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Premarital Agreements: Negotiating Love Since 1980

Thu, 08/24/2017 - 16:03 -- admin25

by Michael D. Wysocki

Historically, spouses and couples about to marry in Texas could not change the character of their marital property by mere agreement—doing so was prohibited by the Texas Constitution. In 1948, the Texas Constitution was amended to allow spouses to contractually change the character of existing community property to separate property (Marital Agreements). It would be another 32 years before further amendments would allow couples considering marriage to partition or exchange their existing and future property by agreement (Premarital Agreements). Fast forward to 2017 where now the Texas Family Code works with the Texas Constitution to provide strict requirements through which those contemplating marriage can alter their marital property rights by agreement.

Why does one need a Premarital Agreement? Such agreements can help: Preserve family fortunes; eliminate, limit, or set future alimony obligations; document existing assets and related management rights; ensure religious upbringing for children; keep a party’s income separate or limit its’ community nature; clarify tax obligations; manage estate tax elections/credits; and my favorite… predetermine the parties’ rights and duties during the marriage, like family finances, child care, housework, and other domestic relations. Yes, you can contract for housework, size of house, who pays the bills, number of kids, number of nannies, and frequency of intimate relations in the same document. No problem. What you cannot do is: (1) violate public policy or statute imposing criminal penalties, (2) adversely affect a child’s right to support, or (3) defraud creditors. And if you want to push the envelope, the general contract doctrine of severability applies to premarital agreements.

A premarital agreement takes effect on the date of marriage. Until marriage, the agreement remains an executory contract. Notably, the Texas Family Code did not adopt the official comments to the UPAA which require a ‘ceremonial marriage’ for a premarital agreement to become effective, so it is unclear how Texas courts would decide the issue of whether an ‘informal’ or ‘common-law marriage’ would also make a premarital agreement enforceable. I say, “Better safe than sorry. Big wedding!”

The Family Code does not provide a termination date for premarital agreements. If the agreement does not specify its duration, it is presumed the parties intended the agreement to continue for a reasonable time. If it appears that any contingencies therein would limit the agreement’s duration, these contingencies would control. For those that think the second or third time is the charm, the Dallas Court of Appeals has previously found that a premarital agreement was terminated by the first divorce and did not contemplate that it would govern the relationship upon remarriage—so best to renegotiate a better deal upon remarriage.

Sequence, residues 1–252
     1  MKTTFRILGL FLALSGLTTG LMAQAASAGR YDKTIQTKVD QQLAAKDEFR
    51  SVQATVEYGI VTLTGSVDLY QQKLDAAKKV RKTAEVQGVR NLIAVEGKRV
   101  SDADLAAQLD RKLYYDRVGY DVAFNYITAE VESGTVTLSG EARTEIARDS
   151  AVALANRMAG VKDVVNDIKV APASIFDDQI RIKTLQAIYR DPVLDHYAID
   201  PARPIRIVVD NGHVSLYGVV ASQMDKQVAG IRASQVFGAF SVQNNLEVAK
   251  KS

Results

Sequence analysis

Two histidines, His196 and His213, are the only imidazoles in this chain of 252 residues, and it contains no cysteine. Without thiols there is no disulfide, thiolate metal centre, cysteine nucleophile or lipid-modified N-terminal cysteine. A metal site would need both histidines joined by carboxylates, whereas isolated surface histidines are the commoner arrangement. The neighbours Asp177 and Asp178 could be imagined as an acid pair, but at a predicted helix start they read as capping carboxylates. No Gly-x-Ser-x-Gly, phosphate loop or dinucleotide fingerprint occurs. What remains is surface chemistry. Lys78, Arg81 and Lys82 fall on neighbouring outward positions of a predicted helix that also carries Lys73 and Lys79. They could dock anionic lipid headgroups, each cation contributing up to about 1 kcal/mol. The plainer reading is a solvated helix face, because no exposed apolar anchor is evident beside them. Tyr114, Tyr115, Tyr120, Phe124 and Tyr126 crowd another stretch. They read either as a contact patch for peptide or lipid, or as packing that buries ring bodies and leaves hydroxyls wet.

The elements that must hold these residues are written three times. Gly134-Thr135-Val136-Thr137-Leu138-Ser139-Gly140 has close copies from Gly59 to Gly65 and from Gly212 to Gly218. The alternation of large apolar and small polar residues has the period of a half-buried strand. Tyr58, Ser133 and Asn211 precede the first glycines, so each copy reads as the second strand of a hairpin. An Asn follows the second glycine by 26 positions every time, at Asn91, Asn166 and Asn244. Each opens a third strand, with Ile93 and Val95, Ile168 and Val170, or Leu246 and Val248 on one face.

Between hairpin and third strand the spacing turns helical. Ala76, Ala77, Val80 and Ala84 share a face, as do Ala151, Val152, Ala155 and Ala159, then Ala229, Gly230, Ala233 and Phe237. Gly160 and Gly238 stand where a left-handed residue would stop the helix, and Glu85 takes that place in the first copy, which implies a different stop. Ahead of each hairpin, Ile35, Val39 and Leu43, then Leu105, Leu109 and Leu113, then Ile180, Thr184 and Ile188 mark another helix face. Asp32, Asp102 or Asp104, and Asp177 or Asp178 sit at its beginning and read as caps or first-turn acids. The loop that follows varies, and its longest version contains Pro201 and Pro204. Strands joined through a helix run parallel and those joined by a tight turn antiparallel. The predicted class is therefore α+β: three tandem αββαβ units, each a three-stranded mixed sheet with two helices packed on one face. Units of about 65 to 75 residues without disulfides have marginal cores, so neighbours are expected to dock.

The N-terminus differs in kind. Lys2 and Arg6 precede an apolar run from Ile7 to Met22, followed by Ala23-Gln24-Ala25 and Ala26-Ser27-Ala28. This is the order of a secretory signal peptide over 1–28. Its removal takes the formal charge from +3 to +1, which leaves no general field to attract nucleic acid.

Who typically seeks a premarital agreement? (1) Parties that both think it is best; (2) One party desires the agreement and the other is only entertaining his/her fiancée’s request; and (3) Neither party wants the agreement, but must do so to appease others. Category 1 is straightforward and not worth further discussion. Category 2 often involves parties with disparate financial circumstances. In these cases it is important to make sure that each party has independent representation, preferably by an attorney Board Certified in Family Law. Category 3 can be tricky. Often mom, dad, or grandparents demand a premarital agreement to protect inheritance. It is also becoming more common for trusts to contain provisions suggesting or requiring the trustee to consider reducing or eliminating distributions unless the beneficiary produces a copy of a premarital agreement which the trustee deems to adequately protect the beneficiary’s financial resources.

No matter which party you represent, set the tone. Give them a detailed information session or two on Texas Family Law. Often times a party has no clue how our community property system works, but just ‘knows’ they need a prenup. Understanding the difference between community property and separate property, how particular interests are treated upon divorce, management principles, and basic rules of premarital agreements can help the party have a meaningful conversation with you about drafting. This will also help ensure your client can have an educated discussion with their fiancée about the agreement, which you know will happen.

There are many other creative steps a practitioner can take in drafting premarital agreements which are outside the scope of this article. The form book contains mere suggestions, so think outside the box. The best service you can provide your client is to tailor the agreement to their individual needs on a case-by-case basis.

 Michael D. Wysocki is Managing Shareolder at O'Neil Wysocki, PC. He can be reached at

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